Tuesday, September 25, 2007

Examples of media violence

The following clip is a compilation of violent scenes in cartoons! Cartoons are very attractive to children, and less likely to be detected for their unsuitable content by parents than are blatantly violent movies. Have a look at the clip and see how bad some of the messages they are sending are! All comments welcome!


Clare said...

Hey Loz!
Wow it's crazy seeing all those cartoons with such strong violence. I actually found those scenes to be really horrible- What a terrible message to send to children watching. The thing that bothers me most about cartoon violence is that fact that once the characters have had their heads blown off or after they fall off a sky scrapper they always “come back to life”… it teaches children that violence and maybe even death are not serious or permanent. Very scary when children may believe they could do these things without any negative consequences. All this media violence also desensitizes people to these violent images, and so it is not at all surprising that violent acts are increasing! Very interesting topic, Clare.

Mark said...

Hi Loz!
I am quite the fan of Family Guy, and i have seen all those episodes that were on that clip, but as i watch them at home i don't take as much notice of the actual amount of violence in those shows. It shows how I have been so desensitized to the violence exposed in the media today, though I'm sure i am not the only one!

Dave Douglas said...

Hey Loz,

That clip of cartoon violence is pretty intense. Like Clare and Mark I didn't really notice how violent 'family guy' and 'drawn together' were. I'd always been aware that they pushed a lot of social boundaries, which is often their appeal, but seeing a compilation like that was an eye-opener.

I agree with Clare that a mixed message about death is being sent to children, when cartoon characters die and come back to life, however i think it should be remembered that the cartoons in that video are aimed at an adult audience. The Loony Tunes' Coyote in Roadrunner also died and came back several times each episode, in a program aimed at kids. I'm not sure if there was outrage when these cartoons began, but it has certainly ceased and these cartoons are now seen as family favourites. Is this an idication of society as a whole being desensitised? Or was that compilation just really effective in highlighting the extreme violence in those cartoons.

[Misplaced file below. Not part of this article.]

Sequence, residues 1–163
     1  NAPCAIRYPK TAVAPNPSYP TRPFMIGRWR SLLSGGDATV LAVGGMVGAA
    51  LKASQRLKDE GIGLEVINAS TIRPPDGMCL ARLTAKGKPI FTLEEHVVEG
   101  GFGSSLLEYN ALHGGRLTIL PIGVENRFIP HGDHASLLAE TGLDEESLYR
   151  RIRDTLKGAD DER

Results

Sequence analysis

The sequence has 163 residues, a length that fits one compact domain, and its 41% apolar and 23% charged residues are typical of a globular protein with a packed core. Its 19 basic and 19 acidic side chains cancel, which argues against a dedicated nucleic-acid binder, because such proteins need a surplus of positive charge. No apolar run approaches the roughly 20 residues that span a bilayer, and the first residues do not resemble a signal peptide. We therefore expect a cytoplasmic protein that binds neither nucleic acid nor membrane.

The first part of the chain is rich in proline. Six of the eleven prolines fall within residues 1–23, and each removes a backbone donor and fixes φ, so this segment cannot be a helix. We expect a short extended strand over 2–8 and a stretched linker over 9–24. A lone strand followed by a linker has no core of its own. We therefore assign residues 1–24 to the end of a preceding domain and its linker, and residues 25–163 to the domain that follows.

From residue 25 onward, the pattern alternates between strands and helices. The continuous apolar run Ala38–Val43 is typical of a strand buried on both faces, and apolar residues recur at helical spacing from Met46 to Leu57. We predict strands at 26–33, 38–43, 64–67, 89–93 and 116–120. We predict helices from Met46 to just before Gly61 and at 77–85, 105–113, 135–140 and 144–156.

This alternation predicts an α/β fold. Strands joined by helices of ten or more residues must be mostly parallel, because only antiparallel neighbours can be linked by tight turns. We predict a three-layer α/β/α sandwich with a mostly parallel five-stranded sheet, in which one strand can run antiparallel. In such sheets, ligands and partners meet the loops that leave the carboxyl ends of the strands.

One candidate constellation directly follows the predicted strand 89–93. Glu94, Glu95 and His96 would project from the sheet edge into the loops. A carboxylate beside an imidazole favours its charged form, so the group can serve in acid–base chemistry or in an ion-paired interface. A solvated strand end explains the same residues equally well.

I think the more important issue with violence in the media, is not so much content, but like the second video says, who sees it.
There is no disputing that violence in the media affects children in a number of ways, by desensitising them, and setting them an example. I'll always remember being banned from Teenage MutantNinja Turtles for fly kicking everybody I saw. It's probably lucky I hadn't seen Drawn Together and had access to a big knife or my sister might have been a bit sore...

If TV shows, movies and computer games aren't meant for children, then more needs to be done to prevent children from getting access to them. Drawn Together aired at around 9pm on SBS. This is late to prevent most children, but surely not all. And I believe Foxtel has a parent lock out system, we can only hope and assume parents are using it.

Then again, kids can always watch the news... and to quote Alicia Silverstone's ‘Cher’ in all her brilliance in Clueless.

"even if you took out all the violent shows, you could still see the news. So, until mankind is peaceful enough not to have violence on the news, there's no point in taking it out of shows that need it for entertainment value..."

Who knew that movie could be so insightful?

Very interesting videos and topic in general Loz. Should be fun exploring it.


Fiona said...

Hi Lauren,

It's really interesting looking at all of those clips and that report. It's amazing how cartoons can include so much violence. My opinions on the subject are quite torn though.

On the one side, it makes me think how cartoons are maybe not so real to life and are exaggerated and for purely entertainment purposes as Cher/Dave pointed out. And in this way children could differentiate what they saw on TV or played in video games to real life. The relatively light hearted approach that cartoons take doesn't seem like it would convince a child to act on that violence. Plus, at the same time, where would you draw the line as to what is harmful to children. I’m sure when Captain Planet or the Mighty Morphin Power Rangers ‘killed’ the baddies and saved the day, there was a moral to the story that may have been more potent than the encouragement of violence itself.

Then, on the other side, I think that it’s awful what is included in some of the cartoons. I don’t know whether it’s to broaden its age appeal, but a lot of cartoons, thought to be aimed at children, can be so violent. I’m sure that it is so difficult for parents, unless they sit down and watch the cartoons with the children, to monitor what is really in the cartoons that the children are watching.

As psychologists, we know from Bandura’s work on social learning and imitation, media violence does affect children. It makes me wonder whether the Columbine shootings (said to have been related to violent video games) would not have occurred if there was less violence, or more restrictions. But then again, violence has occurred through history, maybe it’s just evolutionary?

This is a tricky topic! I’ll be interested in reading your take on it.
Good luck
- Fi